I know about that. I grew up on the mean streets of Brooklyn, New York, served in Vietnam. I have seen more violence, foolishness, incompetence, sadness, hardship in my life than I ever wanted to see. And yes, I often do want to feel more protected and be more protected than that for which the real world allows.
But perhaps because I know the real world, I also know its challenges. This is among the things I do know: I know I must not be challenged by the real world. Instead I must live in it, with it, through it and I must challenge the real world. (Slight pause.)
If a world filled with threats, with menace is to challenged, if that world is, therefore, real, it needs to be changed— the real world needs to be changed. And so I must not acquiesce to the dangerous, precarious, unsafe, frightening reality in that world. But how is that to be done? (Slight pause.)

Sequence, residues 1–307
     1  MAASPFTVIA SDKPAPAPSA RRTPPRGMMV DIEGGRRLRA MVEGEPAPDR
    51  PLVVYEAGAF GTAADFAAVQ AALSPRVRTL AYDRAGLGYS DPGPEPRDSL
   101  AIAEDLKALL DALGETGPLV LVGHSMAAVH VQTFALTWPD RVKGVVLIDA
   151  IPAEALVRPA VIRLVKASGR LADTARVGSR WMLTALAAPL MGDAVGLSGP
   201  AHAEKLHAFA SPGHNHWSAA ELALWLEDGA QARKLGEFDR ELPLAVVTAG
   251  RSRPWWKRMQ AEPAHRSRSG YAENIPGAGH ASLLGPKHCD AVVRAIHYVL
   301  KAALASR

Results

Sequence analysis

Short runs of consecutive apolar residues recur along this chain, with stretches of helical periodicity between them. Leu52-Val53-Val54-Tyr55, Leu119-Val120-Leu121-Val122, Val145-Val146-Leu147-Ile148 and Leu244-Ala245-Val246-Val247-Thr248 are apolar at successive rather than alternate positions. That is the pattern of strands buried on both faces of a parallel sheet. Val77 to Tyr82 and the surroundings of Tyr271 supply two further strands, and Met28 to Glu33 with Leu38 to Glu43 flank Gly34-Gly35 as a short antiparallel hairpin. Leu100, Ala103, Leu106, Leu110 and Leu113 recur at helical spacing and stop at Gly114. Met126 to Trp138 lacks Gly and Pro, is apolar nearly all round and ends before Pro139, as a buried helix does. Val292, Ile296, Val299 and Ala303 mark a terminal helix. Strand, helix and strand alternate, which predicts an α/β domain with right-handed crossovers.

I must affirm that God is real, is present, is with us. I must trust God. I must stand fast, affirm that God constantly teaches us about joy, love, peace, hope.
And I must know joy and love and peace and hope are real. I believe joy, love, peace, hope are much more real than the reality of any terrors found in the so called real world perhaps because I have seen and I live in that real world. (Slight pause.)
I suppose the question for today is this: can we, this church— even in a time of transition— challenge the world and challenge ourselves to trust God Who is present and teaches us about joy, love, peace, hope and can we move toward change? (Pause.)
My friends, unless we challenge ourselves, hope is just another four letter word. Unless we trust in God each and every day in the real world, unless we grapple with reality, then we might just as well all be mannequins— in a constant state of surrender— complacent, compliant. (Slight pause.)